Wednesday, January 27, 2016

The Montessori classroom--a window into the universe

The cultural curriculum in the Montessori classroom is a window into the universe at large. By exposing each child to the cultural area of the classroom—Geography, Science, Botany, Zoology, and History—we invite them to develop an awareness of how their world came to be and cultivate an appreciation for all the things, big and small, which coexist in it. 
Through this hands-on exploration, using their own curiosity and drive, children learn about:
  • natural resources (land/air/water; sink or float; parts of a plant; how to grow a plant),
  • the seasons (seasons sorting cards),
  • the elements on our planet (magnetic vs. non-magnetic)
  • the flora and fauna (vertebrates vs. invertebrates; extinct vs. non-extinct)
  • the vastness of our world (the solar system; the colored globe; the continent maps)
  • the concept of time (calendar; telling time).

Through these and other Montessori works, we help children to discover our natural world and embark on their journey to becoming “cultured” people.  Cultured people are grateful for the balance in the universe and recognize man’s role in maintaining this balance. And thus, they create the beautiful possibilities of a more peaceful world.

Take a look at our facebook page to see the ways in which The Westmont Montessori School celebrates culture!

Tuesday, January 19, 2016

Why Montessori in the K Year?

The Montessori approach is carefully based on what we've learned about children's cognitive, neurological and emotional development from several decades of research. The kindergarten year is a dynamic year, a time to really internalize the early concrete experiences and make important, solid cognitive connections.
By this third—or Kindergarten—year, many of the earlier lessons in the Montessori classroom come together and become a permanent part of the young child’s understanding.
Here are 20 reasons to keep your child in Montessori for their Kindergarten year. 
Come learn more at our Kindergarten Open House this weekend!

Thursday, January 14, 2016

What Dr. Montessori knew then, brain research validates today

If you have ever tried to learn a new language as an adult, you will quickly experience what neurological research has borne out: “The ability to learn a second language is highest between birth and the age of six, then undergoes a steady and inexorable decline. Many adults still manage to learn new languages, but usually only after great struggle.”[i]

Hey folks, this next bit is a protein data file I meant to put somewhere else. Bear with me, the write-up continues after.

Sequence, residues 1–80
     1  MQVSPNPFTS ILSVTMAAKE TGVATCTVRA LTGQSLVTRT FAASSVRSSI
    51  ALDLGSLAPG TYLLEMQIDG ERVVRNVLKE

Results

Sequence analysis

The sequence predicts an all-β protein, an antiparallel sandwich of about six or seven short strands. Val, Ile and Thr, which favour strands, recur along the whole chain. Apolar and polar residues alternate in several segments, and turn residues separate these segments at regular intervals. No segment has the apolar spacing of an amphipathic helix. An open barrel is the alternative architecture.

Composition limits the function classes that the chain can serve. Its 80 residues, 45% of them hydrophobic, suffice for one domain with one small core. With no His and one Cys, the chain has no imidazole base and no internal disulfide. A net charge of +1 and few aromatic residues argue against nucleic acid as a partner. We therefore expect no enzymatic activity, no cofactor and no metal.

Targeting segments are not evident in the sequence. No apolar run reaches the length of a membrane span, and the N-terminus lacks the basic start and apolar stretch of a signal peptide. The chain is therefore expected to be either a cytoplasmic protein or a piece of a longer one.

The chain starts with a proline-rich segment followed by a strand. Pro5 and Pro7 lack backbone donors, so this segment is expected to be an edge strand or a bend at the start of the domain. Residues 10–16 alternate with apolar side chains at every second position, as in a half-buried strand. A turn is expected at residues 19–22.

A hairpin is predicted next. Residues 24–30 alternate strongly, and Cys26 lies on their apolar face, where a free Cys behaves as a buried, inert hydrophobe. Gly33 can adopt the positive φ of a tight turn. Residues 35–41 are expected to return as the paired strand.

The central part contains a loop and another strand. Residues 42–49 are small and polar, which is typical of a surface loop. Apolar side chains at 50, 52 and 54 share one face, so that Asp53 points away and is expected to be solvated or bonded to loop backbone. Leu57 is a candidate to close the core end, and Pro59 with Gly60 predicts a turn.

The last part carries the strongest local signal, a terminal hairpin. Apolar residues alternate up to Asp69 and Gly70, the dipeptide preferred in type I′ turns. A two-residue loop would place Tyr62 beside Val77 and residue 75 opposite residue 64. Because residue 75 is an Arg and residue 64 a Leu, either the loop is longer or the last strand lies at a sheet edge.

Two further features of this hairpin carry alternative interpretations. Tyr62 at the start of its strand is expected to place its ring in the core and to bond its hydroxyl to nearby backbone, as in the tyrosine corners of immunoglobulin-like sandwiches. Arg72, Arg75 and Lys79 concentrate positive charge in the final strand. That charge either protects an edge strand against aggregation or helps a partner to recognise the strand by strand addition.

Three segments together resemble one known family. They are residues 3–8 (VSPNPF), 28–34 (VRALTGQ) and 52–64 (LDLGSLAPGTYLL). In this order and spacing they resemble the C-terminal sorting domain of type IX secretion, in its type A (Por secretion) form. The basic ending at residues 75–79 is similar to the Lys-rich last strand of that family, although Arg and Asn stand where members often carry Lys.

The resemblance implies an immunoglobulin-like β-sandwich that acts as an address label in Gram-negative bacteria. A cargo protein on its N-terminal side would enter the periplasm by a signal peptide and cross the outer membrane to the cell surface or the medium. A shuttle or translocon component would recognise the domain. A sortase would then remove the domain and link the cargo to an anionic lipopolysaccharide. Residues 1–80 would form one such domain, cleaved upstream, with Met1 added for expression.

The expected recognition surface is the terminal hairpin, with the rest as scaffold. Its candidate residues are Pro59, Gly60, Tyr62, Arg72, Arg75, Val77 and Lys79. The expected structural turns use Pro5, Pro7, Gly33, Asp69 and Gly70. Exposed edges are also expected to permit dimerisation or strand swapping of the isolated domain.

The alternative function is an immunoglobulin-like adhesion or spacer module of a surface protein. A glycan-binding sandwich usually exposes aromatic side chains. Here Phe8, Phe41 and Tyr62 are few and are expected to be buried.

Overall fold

The child, on the other hand, moves through this “acquisition” of new things (language only being one of them) rather seamlessly and joyously.  Today’s brain research corroborates what Dr. Montessori intuited from her own observational research more than 100 years ago:

“…in the first few years of childhood there are a number of critical or sensitive periods, or "windows", when the brain demands certain types of input in order to create or stabilize certain long-lasting structures.
Rich experiences, in other words, really do produce rich brains.” [ii]

Montessori advocated for the importance of taking full advantage of the “absorbent mind” during the period in the child’s development when the mind is most receptive—during what she called “sensitive periods”. This time from birth to 6 years old represents a period of rapid growth in man’s intelligence.

It’s a time when the child is particularly sensitive to stimuli that promote the development of a certain skill. In a Montessori classroom, stimuli comes in a variety of forms, where the materials and the whole educational methodology are designed to provide a very rich, multi-sensory, hands-on approach to learning.

The melodious, quiet  “hum” of a perfectly active Montessori classroom speaks volumes of the power of letting children “do”, “absorb”, “create”, and “develop”. They do this through the focus that comes from the activity, repetition and the freedom to persevere. And from within the child, this “explosion of learning”—the sudden outward manifestation of a long process of internal growth—as Montessori called it, does ensue.

i:FERTILE MINDS By J. MADELEINE NASH Sunday, June 24, 2001
ii: IBID

Wednesday, January 6, 2016

A Warm Welcome

It’s a New Year, new beginnings… a time to exude optimism and wish for great things to come. Speaking of which, some are already off to their first day of preschool and we wholeheartedly wish them a joyful beginning. 

The Westmont Montessori School is so happy to see all of our children back and extends a warm welcome to our 4 new friends: Anzel, Harper, Ella and Maggie. 

And in global news, they are joined by another young friend, who just began at Westacre Montessori School in the UK: Prince George. See adorable photos of his first day here.